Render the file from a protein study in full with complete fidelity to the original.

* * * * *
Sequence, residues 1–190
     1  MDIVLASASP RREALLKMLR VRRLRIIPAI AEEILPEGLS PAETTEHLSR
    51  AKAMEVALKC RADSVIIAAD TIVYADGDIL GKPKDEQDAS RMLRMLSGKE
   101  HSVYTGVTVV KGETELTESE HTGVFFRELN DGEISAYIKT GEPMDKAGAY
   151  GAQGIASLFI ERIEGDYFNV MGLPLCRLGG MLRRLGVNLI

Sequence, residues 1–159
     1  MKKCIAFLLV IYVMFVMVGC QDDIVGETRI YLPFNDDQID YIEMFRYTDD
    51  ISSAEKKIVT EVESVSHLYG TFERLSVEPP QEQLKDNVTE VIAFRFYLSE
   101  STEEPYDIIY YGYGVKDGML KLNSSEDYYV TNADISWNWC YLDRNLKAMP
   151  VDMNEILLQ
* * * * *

Sequence, residues 1–190
     1  MDIVLASASP RREALLKMLR VRRLRIIPAI AEEILPEGLS PAETTEHLSR
    51  AKAMEVALKC RADSVIIAAD TIVYADGDIL GKPKDEQDAS RMLRMLSGKE
   101  HSVYTGVTVV KGETELTESE HTGVFFRELN DGEISAYIKT GEPMDKAGAY
   151  GAQGIASLFI ERIEGDYFNV MGLPLCRLGG MLRRLGVNLI

Sequence, residues 1–159
     1  MKKCIAFLLV IYVMFVMVGC QDDIVGETRI YLPFNDDQID YIEMFRYTDD
    51  ISSAEKKIVT EVESVSHLYG TFERLSVEPP QEQLKDNVTE VIAFRFYLSE
   101  STEEPYDIIY YGYGVKDGML KLNSSEDYYV TNADISWNWC YLDRNLKAMP
   151  VDMNEILLQ